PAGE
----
A woman’s place in the world has changed dramatically from what it was centuries and even decades ago. But it’s not the female gender that has changed, it’s the opportunities allowing them to gain education and experience that gives them a more dominant presence in the world. Who knew that women had so much to bring to the table? While men still play a big part in leadership and corporate operations, women add certain qualities and characteristics that enhance the effectiveness of getting the job done. Nowadays, some of the most powerful CEOs, medical professionals and politicians are women, and they are as highly respected as men in similar positions.
Improvements in Female Participation in the Workforce
There is no doubt that female participation today in the work force has taken a huge jump from what it was several decades ago. A statistical analysis of women in the work force published on Catalyst.org states that “in 2012, women [in the US labor force] comprised 51.5% of management, professional and related positions.” According to the Huffington Post, the number of women in the work force during 2006-2010 was 72.7 million, as opposed to the 30.3 million women in 1970. However, this success has most definitely not happened overnight, and many believe women still do not have the respect they should have in the business world. The Huffington Post article, entitled Women in the Workforce: What Changes Have We Made? states that in recent years the increase of women in the work force has slowed, and women are still employed heavily in occupations that have always been geared towards women, such as dental assistant, secretary, nurse and teacher. One can hope that the presence of bold, vocal, and admirable women in power such as Facebook CEO Sheryl Sandberg, former US Secretary of State Hillary Clinton and Janet Yellen, Chair of the US Federal Reserve, will kick off another movement towards the establishment of women in the economic realm.
One of the circumstances that kept women from having a strong presence in the workforce in the past is motherhood. For a very long time, women were seen as the primary caregivers, while men were the breadwinners in the family. While this is still the case in many situations, these days it doesn’t have to be. More and more families are open to the idea of stay-at-home dads, if it makes sense given the situation. In some cases, the woman in a family unit is grossing the highest income and has the most job security. The National At-Home Dad Network estimates that the current number of stay-at-home dads in the United States to be about 1.75 million, and the number continues to steadily increase. This does not necessarily mean that the father doesn’t work at all, as in some situations where the father works from home or part-time. The ability to now work from home some or all of the time as a result of technological advances has also allowed mothers more flexibility as well, and is yet another reason women now have a higher opportunity for participation in the business world.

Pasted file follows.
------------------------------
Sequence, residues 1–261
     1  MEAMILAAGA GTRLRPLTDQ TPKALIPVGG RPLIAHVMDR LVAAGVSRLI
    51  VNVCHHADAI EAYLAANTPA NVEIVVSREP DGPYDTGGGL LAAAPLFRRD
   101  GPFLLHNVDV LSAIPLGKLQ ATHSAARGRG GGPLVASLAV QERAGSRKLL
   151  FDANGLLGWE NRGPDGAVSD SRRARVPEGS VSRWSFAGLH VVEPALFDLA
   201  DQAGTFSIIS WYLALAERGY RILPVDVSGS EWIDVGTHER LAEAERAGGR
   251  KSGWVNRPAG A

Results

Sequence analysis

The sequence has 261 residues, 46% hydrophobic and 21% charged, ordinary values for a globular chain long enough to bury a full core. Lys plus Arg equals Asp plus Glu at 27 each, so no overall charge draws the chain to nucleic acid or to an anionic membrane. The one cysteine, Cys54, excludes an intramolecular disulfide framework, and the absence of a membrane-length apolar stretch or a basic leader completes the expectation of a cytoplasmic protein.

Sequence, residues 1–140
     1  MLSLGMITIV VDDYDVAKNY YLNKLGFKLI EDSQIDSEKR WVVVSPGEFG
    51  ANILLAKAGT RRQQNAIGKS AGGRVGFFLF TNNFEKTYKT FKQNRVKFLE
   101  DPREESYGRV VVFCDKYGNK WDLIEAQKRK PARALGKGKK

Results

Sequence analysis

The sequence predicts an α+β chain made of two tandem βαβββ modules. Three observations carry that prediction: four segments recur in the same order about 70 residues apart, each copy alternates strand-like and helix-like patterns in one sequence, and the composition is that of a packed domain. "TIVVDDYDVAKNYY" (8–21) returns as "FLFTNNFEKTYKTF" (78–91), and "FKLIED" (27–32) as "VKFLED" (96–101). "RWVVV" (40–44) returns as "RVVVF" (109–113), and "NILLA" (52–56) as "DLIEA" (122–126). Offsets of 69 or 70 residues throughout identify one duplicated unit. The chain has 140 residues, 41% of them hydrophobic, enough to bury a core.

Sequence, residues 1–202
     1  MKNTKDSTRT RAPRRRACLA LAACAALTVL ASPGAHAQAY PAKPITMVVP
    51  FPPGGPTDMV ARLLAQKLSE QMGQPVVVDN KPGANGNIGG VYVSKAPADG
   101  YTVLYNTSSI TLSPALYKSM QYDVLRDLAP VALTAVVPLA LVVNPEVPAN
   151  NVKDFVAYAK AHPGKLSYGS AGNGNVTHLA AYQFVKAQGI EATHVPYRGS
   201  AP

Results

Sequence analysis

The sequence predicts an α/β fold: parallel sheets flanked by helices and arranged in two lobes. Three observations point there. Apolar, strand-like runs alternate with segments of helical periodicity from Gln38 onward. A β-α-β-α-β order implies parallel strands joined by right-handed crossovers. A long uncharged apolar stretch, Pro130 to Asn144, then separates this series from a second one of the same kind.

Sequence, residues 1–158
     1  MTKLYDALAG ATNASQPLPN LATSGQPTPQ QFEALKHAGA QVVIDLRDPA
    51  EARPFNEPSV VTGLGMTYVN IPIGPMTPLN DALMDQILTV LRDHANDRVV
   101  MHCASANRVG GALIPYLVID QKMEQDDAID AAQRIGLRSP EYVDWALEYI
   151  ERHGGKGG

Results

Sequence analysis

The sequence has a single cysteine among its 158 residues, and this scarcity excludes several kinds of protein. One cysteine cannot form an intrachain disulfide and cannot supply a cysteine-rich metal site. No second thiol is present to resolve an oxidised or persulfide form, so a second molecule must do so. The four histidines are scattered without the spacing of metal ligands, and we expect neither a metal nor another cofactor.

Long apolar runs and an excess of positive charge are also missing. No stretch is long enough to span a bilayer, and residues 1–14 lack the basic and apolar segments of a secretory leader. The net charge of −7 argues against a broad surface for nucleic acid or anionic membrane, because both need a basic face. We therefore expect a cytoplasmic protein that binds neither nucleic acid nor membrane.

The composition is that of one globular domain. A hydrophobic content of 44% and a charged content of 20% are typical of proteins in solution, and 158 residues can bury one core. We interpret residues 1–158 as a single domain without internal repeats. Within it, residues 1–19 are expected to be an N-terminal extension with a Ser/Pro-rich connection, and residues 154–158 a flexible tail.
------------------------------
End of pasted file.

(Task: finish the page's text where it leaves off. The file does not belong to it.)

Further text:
Motherhood as a Business Tool
A woman’s maternal instincts actually work in her favor in the workplace. In her blog, Strategies & Tactics for Women, Dr. Shannon Reece discusses the passion that drives working mothers, stating “Even though she is into her work and her work is her baby, she also realizes the most important thing to her is a child, and that softens her in a good way. She is more understanding of others, because others are someone else’s child.” Not only that, a women’s strong ability to multi-task in the workplace is often a result of the balance required in child-rearing and working. With diapers to change, errands to run, dishes to clean and an important conference call in ten minutes, leave it to a woman to figure out how to fit it all in. This skill spills over into balancing multiple projects on the job. Finally, women may be skilled creatures, but even they can’t do it all alone. Women tend to have an easier time asking for help and insight from others when they need it, which makes them an asset in the business world.
Women as the Superior Gender (in some ways)
Another societal shift that has allowed women to gain ground in the workforce is the view many now have of the female gender as not just equal, but in some cases, superior to males. This view is based on concrete research referred to on the Psychology Today blog. Some of the superior qualities of women mentioned in the article include longer life expectancy, higher tolerance for pain and the ability to go longer without food. The qualities themselves aren’t anything new, society just has a keener perspective on them now.
In the work force, women aren’t something to be feared; they are something to be admired and appreciated, and it appears the world is beginning to see that. Research shows that diversity of all types in the workplace improves decision making to a considerable degree.
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